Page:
Interview techniques

Interviewing is an important skill for journalists because this is the way that they use to get information, however, if you have to do an interview and you are not a journalist, you must have good interview techniques to select the handiest and the most qualified persons.

There are a large number of aspects to take into account to prepare you as the interviewer, for example:

Interview techniques
  • It is important re-read the CV or the application form, person specification and job description with the purpose to identify areas which need clarification or exploration.
  • Interviews must have enough time to make some notes in each one. It is important that each candidate has the same period of time in the interview.
  • You must have an appropriate interview format; you must allocate the subject areas among team members, and also must identify the right questions for a job.
  • The appointment panel must agree how they will operate during the interview, also you must have planned everything and not use the first interview as a "dress rehearsal" or it could be accused of not being fair.
  • It is also important to adapt a space to the interviews, with an appropriate size, which favors the interviewee's concentration, comfortable for both interviewees and interviewers (consider: heating, seating, lighting, noise level and ventilation), and have a waiting room containing information about the organization.
  • You should note that the space where the interviews will be conducted should be adjustable to the interviewee's needs because some of them will have disabilities and other needs.
  • One of the key factors for a good interview is the total concentration therefore an interview should not have any kind of interruptions and all mobile phones must be turned off during this length of time.
  • All candidates must feel included, so the seating arrangement must be as inclusive as possible.

There are some aspects to consider in preparing a candidate

  • You must report the date of the interview and the panel composition to each candidate, and if it is possible to give a brief tour the place of work before the interview.
  • Candidates should have enough information about the organization, the post and the requirements of the post before the interview.

The candidates can be helped at the start of the interview by

  • The Convener can put name cards in front of the members, introduce the panel, length of the interview and explain the structure.
  • The panel can inform what notes will be taken to ensure a fair assessment, put the candidate at ease and ask whether they have any queries after the introduction.
  • The interviewer should use an opening non-discriminatory 'warm-up' question.

Below there are some interrogation techniques

The purpose of an interview is to obtain information, so an effective interview depends on well-structured and well-thought questions. There are several types of questions that you have to consider as interviewer such as open, closed multiple, leading, hypothetical, behavioral, probing and reflective.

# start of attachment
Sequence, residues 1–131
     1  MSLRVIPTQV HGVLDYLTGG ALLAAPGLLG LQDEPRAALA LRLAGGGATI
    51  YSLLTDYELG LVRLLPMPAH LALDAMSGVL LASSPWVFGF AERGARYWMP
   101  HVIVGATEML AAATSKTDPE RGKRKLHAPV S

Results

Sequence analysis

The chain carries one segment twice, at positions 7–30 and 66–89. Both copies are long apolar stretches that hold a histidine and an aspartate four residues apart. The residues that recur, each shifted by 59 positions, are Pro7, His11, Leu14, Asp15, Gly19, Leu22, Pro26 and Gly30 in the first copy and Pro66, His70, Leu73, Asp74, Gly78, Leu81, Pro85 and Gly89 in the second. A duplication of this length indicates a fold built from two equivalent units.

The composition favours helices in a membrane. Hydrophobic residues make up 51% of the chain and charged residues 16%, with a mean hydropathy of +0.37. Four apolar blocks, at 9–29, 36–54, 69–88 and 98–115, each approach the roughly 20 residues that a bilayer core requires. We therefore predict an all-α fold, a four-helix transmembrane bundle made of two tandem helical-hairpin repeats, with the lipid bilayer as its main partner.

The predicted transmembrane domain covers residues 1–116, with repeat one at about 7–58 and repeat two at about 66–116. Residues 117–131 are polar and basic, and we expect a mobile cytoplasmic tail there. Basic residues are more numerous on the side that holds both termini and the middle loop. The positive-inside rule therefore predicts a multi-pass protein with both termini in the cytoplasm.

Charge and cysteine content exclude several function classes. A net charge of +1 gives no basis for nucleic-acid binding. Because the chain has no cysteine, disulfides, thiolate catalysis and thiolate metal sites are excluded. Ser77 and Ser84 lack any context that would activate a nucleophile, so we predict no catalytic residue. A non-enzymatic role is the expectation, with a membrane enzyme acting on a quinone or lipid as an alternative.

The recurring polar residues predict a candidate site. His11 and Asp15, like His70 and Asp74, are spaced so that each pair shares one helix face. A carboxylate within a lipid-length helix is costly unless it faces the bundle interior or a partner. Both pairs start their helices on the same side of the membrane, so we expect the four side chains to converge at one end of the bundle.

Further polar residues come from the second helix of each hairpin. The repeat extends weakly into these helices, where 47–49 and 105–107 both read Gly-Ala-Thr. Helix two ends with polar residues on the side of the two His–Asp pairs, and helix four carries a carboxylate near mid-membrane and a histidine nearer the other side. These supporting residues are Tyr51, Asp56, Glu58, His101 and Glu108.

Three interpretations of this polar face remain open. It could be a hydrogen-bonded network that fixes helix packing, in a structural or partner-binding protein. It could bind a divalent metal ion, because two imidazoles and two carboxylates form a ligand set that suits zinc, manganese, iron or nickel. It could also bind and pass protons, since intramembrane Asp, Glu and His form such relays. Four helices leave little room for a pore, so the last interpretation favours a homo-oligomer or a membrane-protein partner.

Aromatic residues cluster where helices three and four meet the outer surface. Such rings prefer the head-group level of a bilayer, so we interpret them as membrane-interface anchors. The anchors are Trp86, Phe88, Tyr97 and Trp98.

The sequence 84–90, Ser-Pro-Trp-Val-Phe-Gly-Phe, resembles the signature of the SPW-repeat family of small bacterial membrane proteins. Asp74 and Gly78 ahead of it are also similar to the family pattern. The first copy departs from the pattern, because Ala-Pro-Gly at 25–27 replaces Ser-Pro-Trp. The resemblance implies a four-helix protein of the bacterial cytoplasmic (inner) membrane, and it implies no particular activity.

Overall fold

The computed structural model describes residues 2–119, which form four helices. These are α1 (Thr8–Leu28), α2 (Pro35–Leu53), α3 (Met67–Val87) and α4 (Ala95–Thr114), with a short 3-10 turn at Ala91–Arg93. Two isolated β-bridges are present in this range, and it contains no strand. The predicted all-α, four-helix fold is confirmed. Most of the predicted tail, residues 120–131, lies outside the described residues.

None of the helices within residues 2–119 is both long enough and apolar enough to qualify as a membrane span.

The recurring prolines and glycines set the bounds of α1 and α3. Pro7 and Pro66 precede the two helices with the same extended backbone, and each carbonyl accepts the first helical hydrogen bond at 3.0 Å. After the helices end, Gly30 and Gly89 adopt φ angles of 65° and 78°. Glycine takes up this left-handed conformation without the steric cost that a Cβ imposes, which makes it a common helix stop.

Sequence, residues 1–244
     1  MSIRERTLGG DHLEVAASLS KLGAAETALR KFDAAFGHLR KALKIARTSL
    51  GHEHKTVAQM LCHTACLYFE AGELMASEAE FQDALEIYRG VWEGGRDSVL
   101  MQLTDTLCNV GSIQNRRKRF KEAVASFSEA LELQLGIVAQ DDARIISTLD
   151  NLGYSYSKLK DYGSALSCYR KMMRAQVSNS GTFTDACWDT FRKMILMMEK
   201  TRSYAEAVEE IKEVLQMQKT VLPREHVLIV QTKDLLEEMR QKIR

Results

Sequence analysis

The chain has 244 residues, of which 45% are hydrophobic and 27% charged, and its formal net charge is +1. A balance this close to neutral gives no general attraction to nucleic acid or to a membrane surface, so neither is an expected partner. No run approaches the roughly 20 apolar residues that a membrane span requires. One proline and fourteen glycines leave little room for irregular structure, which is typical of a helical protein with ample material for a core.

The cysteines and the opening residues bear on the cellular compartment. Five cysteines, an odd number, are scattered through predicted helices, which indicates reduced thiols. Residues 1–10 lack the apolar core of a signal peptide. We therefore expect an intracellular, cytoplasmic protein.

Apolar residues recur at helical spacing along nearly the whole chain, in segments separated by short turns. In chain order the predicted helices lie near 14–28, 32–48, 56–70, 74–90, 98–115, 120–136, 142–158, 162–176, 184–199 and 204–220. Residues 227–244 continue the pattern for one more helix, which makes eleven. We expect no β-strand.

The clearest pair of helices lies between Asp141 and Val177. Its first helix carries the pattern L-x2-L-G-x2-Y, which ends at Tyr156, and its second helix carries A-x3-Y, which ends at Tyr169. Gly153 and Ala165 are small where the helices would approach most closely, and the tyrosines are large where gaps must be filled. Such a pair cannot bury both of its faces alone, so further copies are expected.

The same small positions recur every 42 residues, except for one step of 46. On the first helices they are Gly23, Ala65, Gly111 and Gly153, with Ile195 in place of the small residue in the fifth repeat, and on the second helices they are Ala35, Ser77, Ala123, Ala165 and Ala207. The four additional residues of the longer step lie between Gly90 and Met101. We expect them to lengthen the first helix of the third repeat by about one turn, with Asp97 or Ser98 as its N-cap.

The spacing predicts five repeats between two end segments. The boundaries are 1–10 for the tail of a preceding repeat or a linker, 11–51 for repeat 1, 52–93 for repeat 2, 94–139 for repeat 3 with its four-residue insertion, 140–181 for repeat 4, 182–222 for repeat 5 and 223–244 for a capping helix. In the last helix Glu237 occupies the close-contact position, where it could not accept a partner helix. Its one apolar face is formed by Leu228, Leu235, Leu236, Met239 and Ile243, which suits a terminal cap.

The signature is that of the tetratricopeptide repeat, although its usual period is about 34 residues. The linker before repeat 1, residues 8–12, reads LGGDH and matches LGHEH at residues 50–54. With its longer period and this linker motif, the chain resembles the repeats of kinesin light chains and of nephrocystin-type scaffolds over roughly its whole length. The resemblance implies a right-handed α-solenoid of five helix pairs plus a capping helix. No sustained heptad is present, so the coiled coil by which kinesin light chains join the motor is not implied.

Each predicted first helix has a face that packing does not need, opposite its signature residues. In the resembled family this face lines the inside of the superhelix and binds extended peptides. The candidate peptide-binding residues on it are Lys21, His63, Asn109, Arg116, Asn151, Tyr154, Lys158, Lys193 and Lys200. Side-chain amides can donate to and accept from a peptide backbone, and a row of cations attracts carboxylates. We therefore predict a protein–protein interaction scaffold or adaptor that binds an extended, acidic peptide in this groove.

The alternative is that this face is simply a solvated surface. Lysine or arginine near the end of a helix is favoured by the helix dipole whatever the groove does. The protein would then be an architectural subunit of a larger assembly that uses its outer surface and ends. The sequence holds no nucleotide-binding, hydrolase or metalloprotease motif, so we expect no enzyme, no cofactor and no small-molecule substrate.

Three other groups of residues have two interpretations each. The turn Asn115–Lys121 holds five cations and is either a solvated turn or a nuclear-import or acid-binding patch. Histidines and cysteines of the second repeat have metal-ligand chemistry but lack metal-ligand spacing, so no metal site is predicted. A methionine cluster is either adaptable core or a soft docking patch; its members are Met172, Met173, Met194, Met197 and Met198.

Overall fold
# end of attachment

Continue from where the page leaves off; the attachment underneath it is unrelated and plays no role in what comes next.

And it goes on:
Open:The importance of these questions is to encourage candidates to start talking. With these questions candidates can provide specific information and facts, express opinions or feelings, describe things, etc.

For example:

  • What do you think about the organization and its structure?
  • What is your good and bad experience with teamwork?
Closed:These questions have a limited number of answers and are habitually either "no" or "yes". You can use these questions to verify the facts.

For example:

  • Do you like teamwork?
  • Did you have responsibility for a team in your last job?
  • Are you available to work overtime on occasion?
Probing:These questions are complementary to the open questions to investigate a specific area in more depth.

For example:

  • How would you do it differently next time?
Behavioral:This type of questions is useful because you can obtain evidence of how an interviewee has handled related situations in the past. It also lets you focus on the specific skills areas of this job.

For example:

  • Can you give me an example of how you solved a conflict in your classroom?
  • We need someone who has good planning skills. How well do you plan ahead?
Reflective:The questions are based on the previous answers. This type of question is powerful, but seldom is used with consistency or skill.

For example:

  • So, you think there could have improvements. What would have altered the outcome?
Leading:These questions suggest the answer expected in the question, so this type of questions is not recommended in an interview.

For example:

  • We need someone who has time to travel. Do you have any restrictions on your ability to travel?
Multiple:In these cases, there are two or more questions at once, and candidates usually respond one of them (the easiest or the heard last). For this reason, these questions are not recommended in an interview.

For example:

  • Why do you want to leave your present job, and why have you applied for this job?

Finally, there are a large number of interview techniques and tips to be taken into account to find competent staff.